State of Publishing: E-book Sales by Category and Genre
Blogger: Janet Kobobel Grant
Location: Books & Such main office, Santa Rosa, Calif.
New financial/sales reports are just coming in for publishing for 2010 and the first half of 2011. Now, for those of you who are yawning, I promise to only discuss what’s likely to show important trends that every writer should be aware of. So read up!
Here are the newsworthy items:
- Fiction remains the leading sales driver of e-books. But the chart below illustrates just how dominant fiction is. The chart on the left is for unit sales; the chart on the right is for revenue generation. What does this add up to? Fiction brings in more than half of e-book revenue, while all other categories are like saplings shaded by a redwood. Why should you care? Because this tells you that, if you’re writing nonfiction and aiming your personal marketing plans toward selling e-books, that might not be the best plan unless you have a special “in” to your market. But if you write fiction, many readers await your e-book.
- Of the various fiction genres, literary/classics take the lead in unit sales, with science fiction close behind. Holding third place is Christian fiction. We can guess that the classics have the lead position because so many of them are being offered for free or 99 cents for an author’s oeuvre. I own all of Jane Austen’s work and paid 99 cents for the package. Sci-fi makes sense because those who read this genre tend to be purchase technological toys; e-books and sci-fi readers are a perfect fit. But look at Christian fiction, beating out romance, mystery and general fiction.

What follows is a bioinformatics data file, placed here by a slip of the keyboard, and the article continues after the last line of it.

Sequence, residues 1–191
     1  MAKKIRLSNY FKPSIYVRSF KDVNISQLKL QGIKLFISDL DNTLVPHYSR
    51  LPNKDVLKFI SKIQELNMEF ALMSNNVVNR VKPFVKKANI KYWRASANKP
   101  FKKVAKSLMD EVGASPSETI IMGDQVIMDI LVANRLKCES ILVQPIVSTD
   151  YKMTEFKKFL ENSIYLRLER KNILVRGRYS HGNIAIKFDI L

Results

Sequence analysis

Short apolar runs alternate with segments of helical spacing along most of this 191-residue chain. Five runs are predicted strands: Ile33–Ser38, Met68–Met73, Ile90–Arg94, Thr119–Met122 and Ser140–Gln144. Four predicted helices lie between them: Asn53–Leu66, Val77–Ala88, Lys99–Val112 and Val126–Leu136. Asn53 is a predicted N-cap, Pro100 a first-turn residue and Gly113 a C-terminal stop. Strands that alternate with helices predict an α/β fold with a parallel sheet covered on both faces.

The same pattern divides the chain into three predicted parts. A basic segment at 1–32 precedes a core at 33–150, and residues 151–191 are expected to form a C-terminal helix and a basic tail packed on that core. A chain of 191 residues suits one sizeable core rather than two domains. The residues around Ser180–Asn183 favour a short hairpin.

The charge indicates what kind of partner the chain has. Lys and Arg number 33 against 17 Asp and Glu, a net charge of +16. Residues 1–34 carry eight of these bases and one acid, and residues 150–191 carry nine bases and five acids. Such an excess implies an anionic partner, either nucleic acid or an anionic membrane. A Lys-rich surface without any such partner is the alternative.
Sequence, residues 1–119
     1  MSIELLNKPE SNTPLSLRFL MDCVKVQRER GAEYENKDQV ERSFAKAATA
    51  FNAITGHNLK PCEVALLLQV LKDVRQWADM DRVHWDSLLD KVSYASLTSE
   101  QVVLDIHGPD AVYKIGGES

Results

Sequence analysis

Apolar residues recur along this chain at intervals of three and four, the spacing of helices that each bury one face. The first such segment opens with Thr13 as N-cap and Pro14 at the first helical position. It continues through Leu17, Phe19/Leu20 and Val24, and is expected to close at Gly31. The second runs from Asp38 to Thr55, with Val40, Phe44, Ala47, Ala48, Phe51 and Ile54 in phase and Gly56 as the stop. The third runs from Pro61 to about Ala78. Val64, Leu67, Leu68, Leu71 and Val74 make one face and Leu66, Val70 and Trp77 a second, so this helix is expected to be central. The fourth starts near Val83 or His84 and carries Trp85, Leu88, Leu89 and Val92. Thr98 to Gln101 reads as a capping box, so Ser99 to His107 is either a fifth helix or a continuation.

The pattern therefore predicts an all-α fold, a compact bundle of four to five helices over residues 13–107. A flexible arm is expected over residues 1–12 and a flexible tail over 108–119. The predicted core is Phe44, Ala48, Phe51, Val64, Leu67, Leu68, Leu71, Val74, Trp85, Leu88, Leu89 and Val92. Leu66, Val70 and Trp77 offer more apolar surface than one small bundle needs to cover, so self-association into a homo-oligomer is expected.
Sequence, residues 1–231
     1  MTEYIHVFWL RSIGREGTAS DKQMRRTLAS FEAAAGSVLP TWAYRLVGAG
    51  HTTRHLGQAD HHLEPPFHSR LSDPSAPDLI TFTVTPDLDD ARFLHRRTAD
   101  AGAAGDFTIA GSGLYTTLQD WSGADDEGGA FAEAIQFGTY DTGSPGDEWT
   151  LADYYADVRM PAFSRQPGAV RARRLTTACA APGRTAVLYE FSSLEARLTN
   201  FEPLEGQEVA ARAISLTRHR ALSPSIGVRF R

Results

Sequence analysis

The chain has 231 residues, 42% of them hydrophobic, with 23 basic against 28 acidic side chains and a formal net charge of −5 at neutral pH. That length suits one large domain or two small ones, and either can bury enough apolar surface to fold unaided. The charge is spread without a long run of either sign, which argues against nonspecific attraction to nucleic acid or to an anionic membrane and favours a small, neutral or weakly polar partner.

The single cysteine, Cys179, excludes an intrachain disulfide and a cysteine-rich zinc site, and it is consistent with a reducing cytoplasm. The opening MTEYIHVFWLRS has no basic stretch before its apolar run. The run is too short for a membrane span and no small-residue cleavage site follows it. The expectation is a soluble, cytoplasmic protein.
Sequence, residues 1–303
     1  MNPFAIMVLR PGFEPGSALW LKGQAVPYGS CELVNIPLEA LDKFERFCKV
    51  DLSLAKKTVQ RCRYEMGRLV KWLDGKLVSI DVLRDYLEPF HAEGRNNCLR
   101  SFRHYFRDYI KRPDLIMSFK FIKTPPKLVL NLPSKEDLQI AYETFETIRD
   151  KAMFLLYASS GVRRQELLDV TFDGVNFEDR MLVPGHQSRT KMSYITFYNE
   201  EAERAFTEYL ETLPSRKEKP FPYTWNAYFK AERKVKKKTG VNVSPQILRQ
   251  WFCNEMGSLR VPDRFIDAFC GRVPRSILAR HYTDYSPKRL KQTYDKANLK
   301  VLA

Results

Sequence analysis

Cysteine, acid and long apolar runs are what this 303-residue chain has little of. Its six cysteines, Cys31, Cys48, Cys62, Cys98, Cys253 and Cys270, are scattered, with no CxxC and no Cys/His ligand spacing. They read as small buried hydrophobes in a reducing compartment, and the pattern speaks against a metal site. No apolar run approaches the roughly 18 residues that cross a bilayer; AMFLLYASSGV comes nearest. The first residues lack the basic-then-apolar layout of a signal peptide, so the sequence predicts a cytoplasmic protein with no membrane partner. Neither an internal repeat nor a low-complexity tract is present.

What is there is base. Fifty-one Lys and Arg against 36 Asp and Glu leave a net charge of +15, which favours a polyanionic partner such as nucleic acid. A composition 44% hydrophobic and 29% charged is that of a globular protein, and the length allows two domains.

- Buyers who purchase e-books online tend to purchase print books from the same source.
- e-books constituted 4 percent of units sold in 2010.
I’ve suggested one application for the first graphs–where you would place your marketing energy based on what you write. Now, let’s talk about other implications of the study’s results.
- Does this information give you pause or renewed energy for the category you write?
- In what ways might these numbers help you to direct your marketing energy/dollars? What do the numbers tell you about where your buyers are?
- How do you balance this study with the reality that, while e-books are gaining strength very fast, most buyers are hugging their books to their chests rather than clicking “buy” on e-readers?
- Unfortunately this study didn’t look at the price paid per unit for e-books. What’s your best guess as to what that might be? What do you base your opinion on? And what are the implications of the unit price for writers?
I know these questions don’t necessarily lend themselves to off-the-top-of-your-head answers, but I believe it’s worth the time for each of us to consider what these numbers mean. They predict the way ahead for all of us.